Here’s why this Ripple exec warns US regulators that innovation may head overseas
US regulators have been quite skeptical and averse to experimental technology and have slammed the door on a considerable number of new projects in the cryptocurrency ecosystem.
Speaking on similar lines in an interview, David Schwartz, the CTO of Ripple Payment Protocol and Exchange Network Ripple, highlighted how the lack of unified regulatory clarity in the US has left him frustrated. He said,
“I would love to be able to go to the regulators and say that this is the principle that you should enact. This is what is good and this is what is bad.”
Despite the pendulum of the Ripple vs SEC case oscillating and moving back and forth, Schwartz exclaimed that Ripple would prefer staying back in the United States.
Having said that, it is important to note, Ripple has been expanding its operations in other ‘booming’ and ‘exploding’ markets around the world.
When compared to other nations, the regulatory framework in the United States is quite unmethodical. All the regulators, right from FinCEN, SEC, and CFTC, have overlapping areas of jurisdictions, and catering to the regulatory norms of all the bodies poses a major challenge.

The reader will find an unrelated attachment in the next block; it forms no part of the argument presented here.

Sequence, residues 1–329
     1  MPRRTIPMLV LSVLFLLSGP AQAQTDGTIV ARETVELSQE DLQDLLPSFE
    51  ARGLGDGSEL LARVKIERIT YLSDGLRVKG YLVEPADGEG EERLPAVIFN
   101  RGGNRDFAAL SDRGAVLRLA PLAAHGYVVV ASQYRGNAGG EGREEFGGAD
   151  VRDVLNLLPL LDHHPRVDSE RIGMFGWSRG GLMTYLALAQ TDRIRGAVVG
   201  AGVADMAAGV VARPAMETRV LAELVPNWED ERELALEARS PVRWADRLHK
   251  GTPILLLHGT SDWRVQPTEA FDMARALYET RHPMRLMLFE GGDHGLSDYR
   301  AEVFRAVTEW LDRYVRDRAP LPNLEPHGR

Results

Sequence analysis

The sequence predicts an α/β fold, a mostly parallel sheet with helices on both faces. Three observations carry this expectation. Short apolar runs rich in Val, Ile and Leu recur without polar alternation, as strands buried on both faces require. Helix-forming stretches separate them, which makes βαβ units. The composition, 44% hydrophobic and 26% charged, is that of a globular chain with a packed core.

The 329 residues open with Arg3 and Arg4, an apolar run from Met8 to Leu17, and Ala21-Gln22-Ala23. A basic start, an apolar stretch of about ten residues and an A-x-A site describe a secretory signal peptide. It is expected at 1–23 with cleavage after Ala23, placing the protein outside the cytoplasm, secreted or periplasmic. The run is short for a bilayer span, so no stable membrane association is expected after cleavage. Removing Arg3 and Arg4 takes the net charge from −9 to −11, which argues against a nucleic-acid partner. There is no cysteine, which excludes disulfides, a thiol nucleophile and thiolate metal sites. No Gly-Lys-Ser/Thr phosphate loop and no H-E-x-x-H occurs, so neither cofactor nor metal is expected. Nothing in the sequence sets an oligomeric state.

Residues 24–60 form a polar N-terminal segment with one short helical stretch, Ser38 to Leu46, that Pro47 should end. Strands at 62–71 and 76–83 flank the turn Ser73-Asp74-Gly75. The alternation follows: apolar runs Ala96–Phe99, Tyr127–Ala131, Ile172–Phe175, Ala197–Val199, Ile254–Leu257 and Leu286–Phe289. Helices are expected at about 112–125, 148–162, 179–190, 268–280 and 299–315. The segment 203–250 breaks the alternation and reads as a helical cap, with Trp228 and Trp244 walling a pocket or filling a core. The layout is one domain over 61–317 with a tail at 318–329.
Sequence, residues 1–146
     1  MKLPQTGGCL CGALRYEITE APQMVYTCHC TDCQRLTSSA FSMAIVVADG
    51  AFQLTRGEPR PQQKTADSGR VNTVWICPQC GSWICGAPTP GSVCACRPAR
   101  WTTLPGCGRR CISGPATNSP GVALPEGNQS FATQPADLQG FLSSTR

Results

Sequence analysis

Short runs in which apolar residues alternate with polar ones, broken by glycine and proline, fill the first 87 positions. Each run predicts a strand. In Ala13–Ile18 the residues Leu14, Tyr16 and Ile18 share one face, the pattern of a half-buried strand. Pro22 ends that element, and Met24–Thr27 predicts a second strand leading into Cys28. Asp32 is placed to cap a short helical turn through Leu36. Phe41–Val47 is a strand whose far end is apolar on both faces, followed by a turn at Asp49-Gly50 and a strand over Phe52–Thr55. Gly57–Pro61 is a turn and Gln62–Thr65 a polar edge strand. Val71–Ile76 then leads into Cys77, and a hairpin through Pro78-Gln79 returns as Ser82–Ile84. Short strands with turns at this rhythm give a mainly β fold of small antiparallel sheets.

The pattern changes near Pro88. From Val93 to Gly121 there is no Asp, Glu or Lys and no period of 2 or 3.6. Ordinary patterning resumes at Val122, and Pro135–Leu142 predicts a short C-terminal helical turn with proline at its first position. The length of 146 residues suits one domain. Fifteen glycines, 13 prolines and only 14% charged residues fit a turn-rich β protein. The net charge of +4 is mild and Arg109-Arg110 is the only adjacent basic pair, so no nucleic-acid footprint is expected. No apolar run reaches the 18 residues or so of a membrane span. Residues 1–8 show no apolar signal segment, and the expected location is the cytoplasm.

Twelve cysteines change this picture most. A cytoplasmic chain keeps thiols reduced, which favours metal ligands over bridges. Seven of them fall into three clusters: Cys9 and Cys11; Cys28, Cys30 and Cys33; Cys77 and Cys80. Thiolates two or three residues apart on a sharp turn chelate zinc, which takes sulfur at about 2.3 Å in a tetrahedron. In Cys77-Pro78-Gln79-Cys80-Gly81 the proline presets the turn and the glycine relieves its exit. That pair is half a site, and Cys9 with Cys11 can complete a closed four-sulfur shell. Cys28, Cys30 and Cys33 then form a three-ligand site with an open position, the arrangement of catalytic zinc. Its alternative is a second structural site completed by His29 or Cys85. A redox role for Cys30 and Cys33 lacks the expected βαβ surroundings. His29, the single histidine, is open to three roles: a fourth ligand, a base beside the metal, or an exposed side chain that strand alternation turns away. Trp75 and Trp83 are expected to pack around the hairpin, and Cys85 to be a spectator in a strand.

Talking about the treatment bias that Ripple has been subject to in the ongoing case, Schwartz said,
“If you do anything new, in any place, the regulators will say, you have to stop, because we don’t have the regulations in place to handle this.”
Justifying the regulators he said that it made sense for them to make such statements because they do it in good faith to protect consumers from being exploited to something that is completely new.
Highlighting this side of the regulations, Schwartz pointed out that they tend to be ‘kafkaesque’ regulation. With over a dozen exchanges removing XRP from their platform, Schwartz was hopeful that the trend will soon reverse itself. He said,
“I hope that XRP would fall on the good side.”
Putting forth his recommendation to the United States government, he concluded by asking them not to drive innovation from the country to locations that were overseas.